Angry girl rants have been a secret smile shared between women since their inception. Memories of my mother giving me the knowing look as she sang the words “You’re so Vain” comes to mind, along with her performance as Tina Turner singing “You Better Be Good To Me” at a costume party.
Siouxie Sioux’s infamous rant on racism in “Hong Kong Gardens ,” Pat Benetar’s “Hit Me With Your Best Shot,” and Deborah Harry’s “Call Me” under Blondie moniker have influenced my personal style and taste in music along with other Gen X-ers as we sit cooling our boots influx between mid-life identity crisis and the great unknown.
The 90s ushered in an onslaught of angry girls but none as shocking as Alannis Morissette’s graphic depiction of licentious behavior in a movie theater captured in “You Oughta Know.” The number one angry girl rant goes to Gwen Stefani under No Doubt moniker in, “I’m Just a Girl,” no explanation necessary.
A new candidate for the angry girl rant is rebel, feminist, androgyne Miss June‘s frontwoman, Annabel Liddell. Expressing raw emotions of fury, angst, and pain to call out boyfriends, fathers, and the entire patriarchal system is just one of her many talents; she is a skateboarder, model, and fifth-year medical student.
New single “Enemies”, taken from forthcoming debut album “Bad Luck Party” due to be released on September 6th through two-decades-old New York label Frenchkiss Records, set the sassy caustic tone Miss June has come to be identified with giving Annabel a global platform to push boundaries and express political views.
Described as “some unholy union between Sonic Youth and Le Tigre” the Auckland, New Zealand four-piece, completed by the music school alumni recruited by Liddell – guitarist Jun Park, bass player Chris Marshall, and drummer Tom Leggett – has built a reputation for fierce, formidable and head-spinning live shows as their recent brief UK and US tour confirmed.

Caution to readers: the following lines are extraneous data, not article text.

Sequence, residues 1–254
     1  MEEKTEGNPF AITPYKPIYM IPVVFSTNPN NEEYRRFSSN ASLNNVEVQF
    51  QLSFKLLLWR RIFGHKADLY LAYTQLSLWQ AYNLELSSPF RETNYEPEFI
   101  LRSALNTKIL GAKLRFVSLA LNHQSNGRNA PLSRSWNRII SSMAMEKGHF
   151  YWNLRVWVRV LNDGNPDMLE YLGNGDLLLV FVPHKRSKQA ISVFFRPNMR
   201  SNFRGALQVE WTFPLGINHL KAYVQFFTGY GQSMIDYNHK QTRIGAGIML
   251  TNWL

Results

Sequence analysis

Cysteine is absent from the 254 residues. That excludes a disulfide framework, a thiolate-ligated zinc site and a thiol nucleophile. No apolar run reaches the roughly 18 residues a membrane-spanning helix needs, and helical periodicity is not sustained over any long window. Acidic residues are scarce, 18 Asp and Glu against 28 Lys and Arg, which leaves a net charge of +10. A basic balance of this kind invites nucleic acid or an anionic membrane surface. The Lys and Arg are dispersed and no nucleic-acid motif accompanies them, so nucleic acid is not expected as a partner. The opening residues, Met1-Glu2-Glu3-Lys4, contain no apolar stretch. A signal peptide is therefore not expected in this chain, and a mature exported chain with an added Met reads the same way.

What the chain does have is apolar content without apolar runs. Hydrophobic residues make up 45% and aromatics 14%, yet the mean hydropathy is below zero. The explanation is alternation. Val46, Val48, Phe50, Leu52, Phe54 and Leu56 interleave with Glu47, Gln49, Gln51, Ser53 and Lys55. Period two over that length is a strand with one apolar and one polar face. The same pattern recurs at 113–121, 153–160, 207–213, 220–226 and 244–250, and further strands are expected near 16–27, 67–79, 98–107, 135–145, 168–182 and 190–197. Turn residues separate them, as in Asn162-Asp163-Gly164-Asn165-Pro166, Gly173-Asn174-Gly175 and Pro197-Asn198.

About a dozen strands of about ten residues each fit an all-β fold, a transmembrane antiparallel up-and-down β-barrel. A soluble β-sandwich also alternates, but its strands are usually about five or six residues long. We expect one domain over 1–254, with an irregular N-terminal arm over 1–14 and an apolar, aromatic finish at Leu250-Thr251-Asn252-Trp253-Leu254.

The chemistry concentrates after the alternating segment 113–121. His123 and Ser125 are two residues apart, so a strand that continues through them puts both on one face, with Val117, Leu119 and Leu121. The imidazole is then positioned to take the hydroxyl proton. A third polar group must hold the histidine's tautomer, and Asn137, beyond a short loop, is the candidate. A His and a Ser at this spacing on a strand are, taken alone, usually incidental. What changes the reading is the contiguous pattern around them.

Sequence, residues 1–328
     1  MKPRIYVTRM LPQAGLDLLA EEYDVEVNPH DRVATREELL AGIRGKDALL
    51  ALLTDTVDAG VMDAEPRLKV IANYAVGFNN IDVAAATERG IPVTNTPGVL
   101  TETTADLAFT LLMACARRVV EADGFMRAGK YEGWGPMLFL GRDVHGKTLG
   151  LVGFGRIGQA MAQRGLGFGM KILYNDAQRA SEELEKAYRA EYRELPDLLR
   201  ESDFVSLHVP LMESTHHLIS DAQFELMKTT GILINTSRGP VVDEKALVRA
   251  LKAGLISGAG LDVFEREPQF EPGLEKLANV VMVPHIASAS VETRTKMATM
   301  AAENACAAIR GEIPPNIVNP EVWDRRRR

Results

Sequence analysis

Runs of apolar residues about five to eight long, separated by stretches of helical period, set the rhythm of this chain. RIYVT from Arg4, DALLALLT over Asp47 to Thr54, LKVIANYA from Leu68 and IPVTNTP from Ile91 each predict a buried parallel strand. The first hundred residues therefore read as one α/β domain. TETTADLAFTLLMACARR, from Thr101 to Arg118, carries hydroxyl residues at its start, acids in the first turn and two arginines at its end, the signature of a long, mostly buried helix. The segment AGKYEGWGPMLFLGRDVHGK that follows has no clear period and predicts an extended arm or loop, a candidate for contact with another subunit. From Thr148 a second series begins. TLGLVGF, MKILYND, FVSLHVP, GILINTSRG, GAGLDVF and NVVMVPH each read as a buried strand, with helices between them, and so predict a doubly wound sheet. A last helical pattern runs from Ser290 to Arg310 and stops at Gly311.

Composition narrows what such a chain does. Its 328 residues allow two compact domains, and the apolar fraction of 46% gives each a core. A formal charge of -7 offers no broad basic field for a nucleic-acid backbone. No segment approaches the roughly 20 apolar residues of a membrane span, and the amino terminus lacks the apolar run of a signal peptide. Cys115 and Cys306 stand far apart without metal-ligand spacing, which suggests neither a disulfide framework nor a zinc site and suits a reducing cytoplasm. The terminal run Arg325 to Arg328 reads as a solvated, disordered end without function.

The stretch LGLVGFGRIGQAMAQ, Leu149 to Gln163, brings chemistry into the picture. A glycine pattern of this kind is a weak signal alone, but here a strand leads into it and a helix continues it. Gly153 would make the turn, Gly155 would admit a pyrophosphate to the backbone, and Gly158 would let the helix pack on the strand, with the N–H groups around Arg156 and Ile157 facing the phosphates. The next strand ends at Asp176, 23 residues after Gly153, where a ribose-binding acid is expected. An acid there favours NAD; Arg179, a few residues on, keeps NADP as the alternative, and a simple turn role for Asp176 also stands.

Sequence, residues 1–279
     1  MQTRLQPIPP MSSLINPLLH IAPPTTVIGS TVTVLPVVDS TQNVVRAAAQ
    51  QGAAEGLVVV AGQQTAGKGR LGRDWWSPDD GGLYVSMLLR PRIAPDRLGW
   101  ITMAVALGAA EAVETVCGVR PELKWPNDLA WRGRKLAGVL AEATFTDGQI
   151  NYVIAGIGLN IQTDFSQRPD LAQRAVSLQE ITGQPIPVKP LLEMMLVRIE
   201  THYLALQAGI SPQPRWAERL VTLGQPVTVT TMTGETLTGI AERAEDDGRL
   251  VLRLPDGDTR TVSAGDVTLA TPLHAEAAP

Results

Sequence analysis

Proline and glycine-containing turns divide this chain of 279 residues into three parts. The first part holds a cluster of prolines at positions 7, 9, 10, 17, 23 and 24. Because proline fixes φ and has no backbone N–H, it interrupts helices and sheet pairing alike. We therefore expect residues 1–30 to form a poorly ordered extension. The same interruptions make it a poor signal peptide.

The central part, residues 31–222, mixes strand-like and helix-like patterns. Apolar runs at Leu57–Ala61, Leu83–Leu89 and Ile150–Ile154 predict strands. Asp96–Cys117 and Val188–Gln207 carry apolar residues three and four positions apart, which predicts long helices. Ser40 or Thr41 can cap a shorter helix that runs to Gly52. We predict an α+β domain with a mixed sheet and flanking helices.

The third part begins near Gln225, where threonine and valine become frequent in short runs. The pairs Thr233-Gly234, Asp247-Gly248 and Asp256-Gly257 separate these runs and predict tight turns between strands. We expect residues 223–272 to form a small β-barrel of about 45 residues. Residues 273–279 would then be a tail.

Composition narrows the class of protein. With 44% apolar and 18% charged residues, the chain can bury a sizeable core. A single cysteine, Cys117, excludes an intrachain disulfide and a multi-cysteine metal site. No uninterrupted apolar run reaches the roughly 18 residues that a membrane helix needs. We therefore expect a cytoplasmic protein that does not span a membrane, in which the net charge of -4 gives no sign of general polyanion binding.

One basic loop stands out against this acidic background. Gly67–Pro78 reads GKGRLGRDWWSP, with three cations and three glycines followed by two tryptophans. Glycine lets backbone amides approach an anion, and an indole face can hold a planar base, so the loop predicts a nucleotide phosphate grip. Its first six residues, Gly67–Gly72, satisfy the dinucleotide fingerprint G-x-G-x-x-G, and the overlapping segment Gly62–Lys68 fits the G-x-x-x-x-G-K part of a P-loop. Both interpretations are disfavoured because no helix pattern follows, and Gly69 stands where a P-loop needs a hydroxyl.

The official music video for new single “Enemies,” takes a dark turn with references to emotional deprivation, betrayal, and heartbreaking sorrow adding yet another dimensional layer of complexity to the mix.
A bit more guitar-heavy than usual, “Enemies” bursts out with taut throbbing basslines that surge into jagged abrasive guitar riffs as they ebb and flow in all-pervading rush of relentless energy, punctuated by bold tumbling drums as raw, caustic female voice lacerated by pity, abandonment, and disregard are heard in an intensely painful outpouring years in the making culminating with heavy squalling guitar shreds needling the tension into a relaxed rhythmic noise provoking a reaction.
Anger blurs between a current boyfriend and father when a woman venomously rants about the disinterest, lack of consideration, and disrespect shown to her from the men in her life. Sarcastic and snide remarks reveal how badly she is hurting as almost laughing she says, “Oops I broke your heart again.” The connection between the men is revealed when furious screams parlay, “He rode in on a big white horse and I was star-struck,” thus explaining the level of severe disappointment and antagonistic behavior associated with the tirade.
A short film, directed by Dylan Pharazyn, employs a dramatization featuring New Zealand model Emily Laurich and NZ Skateboard aficionado Emile Boyle playing young lovers on the run. Between kissing and holding hands the female character is experiencing an inner turmoil that manifests itself as terrible visions involving an older man from her past. Flashing lights set an urban parking garage into a claustrophobic maze where the duo finds enemies around every corner causing one to spin out of control.
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